7 Interior Design Trends to take inspiration from in 2022 – CapeTown ETC

As we try to navigate the balance between staying indoors and going outside into the big wide world once again – our homes are set to mirror both. As much as comfort is set to play a huge part in how we enjoy our home spaces, so will a curiosity with the rest of the world, different cultures, arts and their spaces in our own.
1.Minimalism is out
Many people have grown tired of the ‘minimalist sensation’ which is largely due to collective societies looking to embrace one thing again – fun. Whimsical, creative and artistic pieces that speak to fun-loving energy are set to be hot on the scene in 2022, where bland decor and colours (par chocolate brown which some experts are backing to enjoy the home space in 2022) are predicted to be on the back foot. The ‘Avant Basic’ movement that ranges from fashion to interior design is digging its heels into the new year, and so homes embodying brighter colours, bolder designs and more statement pieces will be on the prowl.
Alongside society’s fascination with the outdoors and our deeper love for the environment comes biophilia-esque decor that can be expected to manifest itself in a myriad of forms in 2022. Homes that remind us of small jungles adorned with greenery and environmental conscious finds will be a hot-take in 2022. ‘Goblincore mode’ as Architectural Digestputs it, speaks to thrifting, shopping second hand and recreating cottage-like looks, is also predicted to make waves in the interior design world.
Books, as we know them, are transforming from personal libraries as they are being used to make staircases, tables and the like. Pinterest is a huge attribute for this interior-design trend. Covers of magazines, books and coffee-table books coming back into fashion are all tied to the art of literature movement that we can expect to enjoy in 2022.
4. Modular furniture
Furniture serving multi-functional purposes is hot on the rise in 2022, especially as many people decided they actually like working from home. This term doesn’t necessarily mean ‘futuristic-looking’ pieces, but rather intelligently designed furniture designed to fit into various spaces in seeking functionality. This fluidity is not only welcomed by the interior design brigade because of the creative and often soft looks they exude, but is largely welcomed by the person looking to embrace comfort and thrill in their home (banking on the bold, yet comfortable trend).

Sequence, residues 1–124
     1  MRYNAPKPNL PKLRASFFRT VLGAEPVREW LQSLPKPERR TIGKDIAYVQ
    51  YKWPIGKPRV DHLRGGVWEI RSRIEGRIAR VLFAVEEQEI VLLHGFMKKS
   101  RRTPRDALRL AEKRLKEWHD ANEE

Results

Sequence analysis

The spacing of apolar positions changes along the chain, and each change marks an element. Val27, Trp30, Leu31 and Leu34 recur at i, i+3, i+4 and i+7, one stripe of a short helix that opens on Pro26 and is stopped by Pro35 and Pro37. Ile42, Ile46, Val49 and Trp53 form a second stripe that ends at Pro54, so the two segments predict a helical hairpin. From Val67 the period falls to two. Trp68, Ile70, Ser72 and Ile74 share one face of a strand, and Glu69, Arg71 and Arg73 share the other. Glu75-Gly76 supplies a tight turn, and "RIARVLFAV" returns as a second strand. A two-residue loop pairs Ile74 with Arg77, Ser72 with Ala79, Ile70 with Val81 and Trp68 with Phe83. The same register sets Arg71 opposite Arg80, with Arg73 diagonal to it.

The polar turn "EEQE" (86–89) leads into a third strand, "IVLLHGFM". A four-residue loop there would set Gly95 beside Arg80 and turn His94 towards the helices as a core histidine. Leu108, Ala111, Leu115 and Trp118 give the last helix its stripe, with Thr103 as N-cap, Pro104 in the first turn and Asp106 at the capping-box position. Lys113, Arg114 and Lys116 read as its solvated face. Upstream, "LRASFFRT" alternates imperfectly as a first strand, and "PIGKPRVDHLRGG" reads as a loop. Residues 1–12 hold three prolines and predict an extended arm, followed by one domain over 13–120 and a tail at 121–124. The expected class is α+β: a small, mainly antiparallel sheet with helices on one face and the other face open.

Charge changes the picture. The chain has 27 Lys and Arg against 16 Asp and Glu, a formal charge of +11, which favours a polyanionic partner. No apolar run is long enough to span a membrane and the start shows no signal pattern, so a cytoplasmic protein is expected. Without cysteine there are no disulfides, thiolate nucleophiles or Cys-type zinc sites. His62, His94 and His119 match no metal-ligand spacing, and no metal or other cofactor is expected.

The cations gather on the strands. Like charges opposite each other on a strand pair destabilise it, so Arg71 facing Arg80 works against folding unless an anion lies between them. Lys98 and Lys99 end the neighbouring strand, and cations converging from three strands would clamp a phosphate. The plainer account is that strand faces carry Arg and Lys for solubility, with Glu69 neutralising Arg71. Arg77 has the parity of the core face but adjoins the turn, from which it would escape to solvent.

5.It’s all about colour
Bright and bold, or soft and pastel, the common denominator is apparent – colour is what the world is loving right now. Patterns, textiles and the like are speaking to eras gone by. Some are adoring the 1970s aesthetic in terms of colour, while others are opting for a more ‘1940s updated chintz vibe’ as Vogue calls it, which is an entirely different colour spectrum. The modern era’s fascination with the past is in full swing, and it may just manifest in the same stride in your home.
6.Grand millenialism
Furthering the idea of ‘eras gone by’ naturally creates a conversation around the ‘grand millennialism’ aesthetic, which in essence speaks to the 1940s, the ‘more is more’ ideology, floral and the like. The difference that comes with the 21st century, however, is that this aesthetic falls more part of the background as opposed to the centre-pieces. Floral wallpapers and touches of glamour will be the added flavour to more modern furniture settings, as unexpected as it sounds. Martyn Lawrence Bullard is one of the many experts who attests to this movement.
7.Open floor space plans
No longer do people wish to feel confined, and now that we know what it’s like to spend so much time indoors, the idea of open space has become highly attractive to many. This trend contracts the more is more concept, but it naturally depends on the home, the person and the space you’re working with. Light, a biophilia influence, dual-purpose rooms separated by partitions and the like are some ways those in the know predict that open floor spaces will be utilised for multi-functional needs and wishes.
Read more: 
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Picture: Creative Boom

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